Case Presentation: A 63 yr old gentleman with a history of ischemic stroke and hypertension presented to the ED from his assisted living center for evaluation of R hip & knee pain. The patient reported that, 5 days prior, he had bumped into another resident and fallen on his right side. He had experienced pain in his hip and knee since the fall, although was seen in another ED the day of the fall and underwent radiographic imaging which was reportedly negative. On this subsequent presentation to an ED, plain films of the hip and femur were repeated, as well as a CT of the right knee, and were unremarkable. Basic laboratory evaluation revealed a hemoglobin of 6.0, down from the last known value of 11 from two years earlier, and the patient was admitted to the hospitalist service for anemia workup.  Blood pressure in the ED was 112/58 and it was noted that the patient was on three blood pressure medications at home. A full exam was not undertaken by the admitting physician in the ED due to the patient’s placement in a hallway bed, although it was noted that despite the patient’s dark skin tone, areas of ecchymosis were visible across the lateral aspect of the right hip and knee. Upon arrival to the inpatient unit, the patient’s blood pressure was 99/62 and a repeat CBC revealed a hemoglobin of 5.1. Rectal exam revealed no gross bleeding and stool was guaiac negative. The patient’s abdomen was soft and nontender; however, palpation of the entire right thigh revealed it to be swollen, tense and painful. Bruising along the inner aspect of the thigh was also noted. Occult hemorrhage into the thigh was suspected and the Trauma Surgery team was consulted for a rapid evaluation. Bedside FAST exam revealed no free abdominal fluid, but an abdominal/pelvic CT revealed extravasation into the right thigh. In light of the full CT scan, review of the earlier CT of the knee suggested the presence of a hematoma in the most superior cuts. The patient underwent urgent angiography which identified two subcentimeter pseudoaneurysms extending from the superior gluteal artery with evidence of active bleeding; both pseudoaneurysms were successfully embolized by Interventional Radiology and the patient’s condition stabilized with transfusion of three units of packed red cells.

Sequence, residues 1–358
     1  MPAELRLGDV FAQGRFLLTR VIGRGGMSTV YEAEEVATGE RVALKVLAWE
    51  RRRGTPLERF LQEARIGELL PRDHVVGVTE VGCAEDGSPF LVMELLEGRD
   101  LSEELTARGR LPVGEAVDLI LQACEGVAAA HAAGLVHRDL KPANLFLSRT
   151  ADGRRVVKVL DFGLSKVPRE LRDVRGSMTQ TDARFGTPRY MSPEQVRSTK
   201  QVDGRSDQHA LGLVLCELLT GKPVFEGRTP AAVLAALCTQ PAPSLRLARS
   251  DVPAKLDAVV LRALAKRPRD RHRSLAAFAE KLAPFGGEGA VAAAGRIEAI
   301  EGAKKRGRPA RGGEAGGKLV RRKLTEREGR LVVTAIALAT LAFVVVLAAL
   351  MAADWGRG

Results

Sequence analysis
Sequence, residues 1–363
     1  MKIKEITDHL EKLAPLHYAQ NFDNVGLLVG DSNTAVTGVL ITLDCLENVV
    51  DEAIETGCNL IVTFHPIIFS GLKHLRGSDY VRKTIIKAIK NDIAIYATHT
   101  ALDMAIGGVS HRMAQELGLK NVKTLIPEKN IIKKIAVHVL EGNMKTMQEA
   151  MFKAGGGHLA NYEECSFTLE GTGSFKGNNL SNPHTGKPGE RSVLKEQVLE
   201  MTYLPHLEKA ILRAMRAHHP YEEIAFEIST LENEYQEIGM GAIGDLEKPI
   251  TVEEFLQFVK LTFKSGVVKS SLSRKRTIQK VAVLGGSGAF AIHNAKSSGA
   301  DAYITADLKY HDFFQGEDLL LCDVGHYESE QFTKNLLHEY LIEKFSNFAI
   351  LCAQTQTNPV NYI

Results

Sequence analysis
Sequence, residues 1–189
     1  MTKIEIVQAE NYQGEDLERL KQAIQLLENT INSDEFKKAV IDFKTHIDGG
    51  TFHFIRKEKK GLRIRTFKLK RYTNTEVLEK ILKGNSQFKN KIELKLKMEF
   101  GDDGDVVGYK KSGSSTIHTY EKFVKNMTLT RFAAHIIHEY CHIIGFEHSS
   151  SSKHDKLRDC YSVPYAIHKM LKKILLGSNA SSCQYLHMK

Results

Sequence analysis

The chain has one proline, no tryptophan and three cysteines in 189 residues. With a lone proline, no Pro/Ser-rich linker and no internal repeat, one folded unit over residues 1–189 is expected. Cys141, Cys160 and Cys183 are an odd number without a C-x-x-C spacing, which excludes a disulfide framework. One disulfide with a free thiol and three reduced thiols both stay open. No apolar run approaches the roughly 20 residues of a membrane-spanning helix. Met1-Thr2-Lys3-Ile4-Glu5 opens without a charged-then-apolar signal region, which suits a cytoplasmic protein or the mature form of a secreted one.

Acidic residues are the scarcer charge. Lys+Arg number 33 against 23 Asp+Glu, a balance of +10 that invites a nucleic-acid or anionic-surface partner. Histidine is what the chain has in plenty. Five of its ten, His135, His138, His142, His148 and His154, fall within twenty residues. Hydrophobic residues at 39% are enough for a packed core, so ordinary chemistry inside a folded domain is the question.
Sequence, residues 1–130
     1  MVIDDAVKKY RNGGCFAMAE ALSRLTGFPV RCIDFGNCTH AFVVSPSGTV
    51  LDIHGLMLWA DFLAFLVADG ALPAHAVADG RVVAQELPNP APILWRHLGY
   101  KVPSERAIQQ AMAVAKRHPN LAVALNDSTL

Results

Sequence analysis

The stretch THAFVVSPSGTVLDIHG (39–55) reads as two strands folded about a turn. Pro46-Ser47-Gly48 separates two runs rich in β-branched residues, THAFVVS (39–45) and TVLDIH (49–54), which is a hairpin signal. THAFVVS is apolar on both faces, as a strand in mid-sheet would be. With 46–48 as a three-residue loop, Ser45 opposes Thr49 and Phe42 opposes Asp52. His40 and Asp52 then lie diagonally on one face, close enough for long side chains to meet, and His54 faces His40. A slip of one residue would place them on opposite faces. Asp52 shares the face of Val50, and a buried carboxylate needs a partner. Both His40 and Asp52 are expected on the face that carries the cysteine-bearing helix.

Discussion: Anemia is a common admission diagnosis and, in the setting of syncope evaluation, hospitalists may also be asked to treat patients who have suffered from a ground-level fall. While not presently discussed in hospital medicine literature, traumatic injury to the superior gluteal artery in the setting of pelvic or acetabular trauma has been reported, albeit as case reports, in the trauma and orthopedic literature. Although a relatively rare complication, injury of this particular vessel is thought to be related to the anatomic location of this vessel in the sciatic notch, which makes it vulnerable to injury during blunt trauma to the pelvis. What is unusual about this case is both the delay in hemodynamically significant presentation of this injury and the fact that the injury occurred without concurrent pelvic fracture, as is most typically seen. Because of its anatomic location, preferred treatment of a superior gluteal artery injury is embolization as opposed to open surgical intervention. 

Conclusions: Suspicion and recognition of the potential superior gluteal artery injury in a patient presenting with hypotension or new anemia in the setting of an acute or subacute fall is imperative so that the patient can be transferred, if necessary, to a facility with Interventional Radiology resources.